• i never had the opportunity to research my family history but i know this about the “Orbea” name, it means “foot of the mountain” where my ancestors tended sheep.

    Don Orbea on

  • Et ce t article est très intéressant

    Pierre Ouellet on

  • J’ai acheté mon Orbea Gain D30 en septembre. Je L’ai essayé dans quelques sorties et oh surprise, même sans assistance électrique, il est facile à utiliser et a pédaler. Je demeure dans une région où il y a beaucoup de côtes et de montagnes et c’est un charme. à 74 ans, je retrouve le plaisir de rouler comme il y a 10 ans. Merveilleuse machine. A chaque fois que j’ai eu des questions, j’ai envoyé un courriel à Orbes, Espagne et j’Ai toujours reçu une réponse. Très bon service.

    Pierre Ouellet on

  • The MYO pgm is a joke. Ive been trying to order the 2022 rallon frame and none of the local dealera can do it.

    Jack on

  • After waiting 7 months for a traditional US brand MTN bike, I gave up and hit the internet. I stumbled upon Orbea because, miraculously, they were available and looked to be a good value. I purchased an ALMA M50 – my first carbon bike after riding aluminum for 20 years. I am amazed at the comfort and agility of the bike. I’ve recently had time to get it on some single track and at 49 I find myself as excited about a bike as I was in my 20’s. As I look to upgrade in the future another Orbea will be at the top of my search.

    Scott on

  • Just bought my first Orbea road bike, Orca M40, love it and eager to start riding it. Hope for a long relationship together.

    Patricio on

  • I bought a used Orbea in Florida. I love the bike but there is no branding that tells me the model, nor visible serial numbers either. I have spent many hours on line looking for information on this gem but have only discovered possible answers, no definative answers. Is there someone at Orbea who could look at a foto and tell me what I own?

    Alejandro Salazar on

  • I just purchased my first Orbea bike, an Occam M10. The finish on this bike is gorgeous. It rides so nice, it handles slow technical terrain and high speed chunk & chunder like no other bike I’ve ridden.

    Steve on

  • Unfortunately I bought a Gain M20i and on one of the first rides the battery faulted. Brought it to the only dealer in the state, which doesn’t sell the ebikes, and after weeks told me they would replace the battery but I had to pay labor (not cheap as the BB has to be disassembled). I felt this isnt right for a brand new bike and contacted Orbea who said, no worries, tell us who the dealer is and we will work it out. I responded to thier email the same day with the shop and owner I spoke with. After not hearing from them for over 2 1/2 months and several attempted contacts, today Orbea said sorry, look at the warranty. Even thought we told you we would pay the labor 2 1/2 months ago we wont. Ill never buy there product again and I’m currently looking at MTB’s (the Occam used to be top of the list).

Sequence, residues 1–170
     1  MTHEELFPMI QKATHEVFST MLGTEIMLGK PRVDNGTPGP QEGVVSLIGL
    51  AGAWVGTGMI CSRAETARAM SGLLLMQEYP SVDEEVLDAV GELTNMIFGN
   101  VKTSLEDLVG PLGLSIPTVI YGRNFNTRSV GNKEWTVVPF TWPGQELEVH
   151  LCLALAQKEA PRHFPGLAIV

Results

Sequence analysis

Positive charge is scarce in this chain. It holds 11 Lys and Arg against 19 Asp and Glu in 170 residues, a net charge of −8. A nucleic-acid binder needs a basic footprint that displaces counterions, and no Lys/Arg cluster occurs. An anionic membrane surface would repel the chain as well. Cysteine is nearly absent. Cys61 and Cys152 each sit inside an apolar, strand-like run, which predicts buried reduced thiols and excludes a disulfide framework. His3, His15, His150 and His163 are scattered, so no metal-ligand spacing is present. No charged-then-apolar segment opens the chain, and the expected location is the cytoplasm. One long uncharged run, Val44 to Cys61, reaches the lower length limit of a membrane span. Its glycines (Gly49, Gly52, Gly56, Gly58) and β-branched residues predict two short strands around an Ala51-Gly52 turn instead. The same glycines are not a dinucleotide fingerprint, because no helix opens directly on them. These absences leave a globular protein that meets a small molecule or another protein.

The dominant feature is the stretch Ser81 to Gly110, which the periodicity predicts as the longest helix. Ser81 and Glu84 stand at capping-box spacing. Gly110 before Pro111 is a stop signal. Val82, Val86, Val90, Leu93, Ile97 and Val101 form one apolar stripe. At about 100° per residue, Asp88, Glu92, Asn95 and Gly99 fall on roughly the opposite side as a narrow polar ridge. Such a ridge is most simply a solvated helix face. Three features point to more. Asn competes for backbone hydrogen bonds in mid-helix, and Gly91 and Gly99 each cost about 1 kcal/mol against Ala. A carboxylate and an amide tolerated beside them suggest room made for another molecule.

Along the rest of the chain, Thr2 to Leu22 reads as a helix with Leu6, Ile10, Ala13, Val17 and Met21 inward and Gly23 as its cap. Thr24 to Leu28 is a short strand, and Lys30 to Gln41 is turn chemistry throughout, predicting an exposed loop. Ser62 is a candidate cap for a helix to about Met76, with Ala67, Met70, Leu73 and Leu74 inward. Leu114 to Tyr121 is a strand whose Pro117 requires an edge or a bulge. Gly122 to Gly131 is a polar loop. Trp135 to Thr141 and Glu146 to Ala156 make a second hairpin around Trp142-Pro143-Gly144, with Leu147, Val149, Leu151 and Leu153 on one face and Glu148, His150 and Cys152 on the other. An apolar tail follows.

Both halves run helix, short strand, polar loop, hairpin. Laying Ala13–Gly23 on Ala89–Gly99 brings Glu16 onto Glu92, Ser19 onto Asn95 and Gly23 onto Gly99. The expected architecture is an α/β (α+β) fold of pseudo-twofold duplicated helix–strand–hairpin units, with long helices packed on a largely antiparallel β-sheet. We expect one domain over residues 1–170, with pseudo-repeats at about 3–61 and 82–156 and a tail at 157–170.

Paul on

  • Have a 2006 Orca in Orange and Black. It’s a bike that rides as good as it looks. Wouldn’t trade it for anything

    Scott Fowler on

  • I own an Orbea Orca Aero 2020 best road bike ever and Orbea Occam very light snd great for our trails.

    Carlos Maqueda on

  • I am on my second Orbea Avant. They make a wonderful product. Compliant yet stiff and racy! And they stand behind their products. Great article! So nice to learn more of the heritage of my favorite bicycle.

    Tracy Krznar on

  • Great article and I’ve purchased the Avant H60 my 1st road bike

    KozM on

  • Very interested in the Gain e-bike. As I understand it the battery life is somewhere in the 3-5 year range depending on riding and recharging variables. And, the battery is not replaceable. So, is the gain a bike that is only good for 3-5 years? Will Orbea be developing a Gain with a replaceable battery? Thanks!

    Harry on

  • Bruce did an excellent job sharing his interview and now I am interested in the biking enterprise of Orbea…thanks for sharing!

    Jerry House on

  • Very interesting article, thanks for exposing us to the history of Orbea.

    Hans de Vries on

Leave a comment

Please note, comments must be approved before they are published

Newsletter Sign Up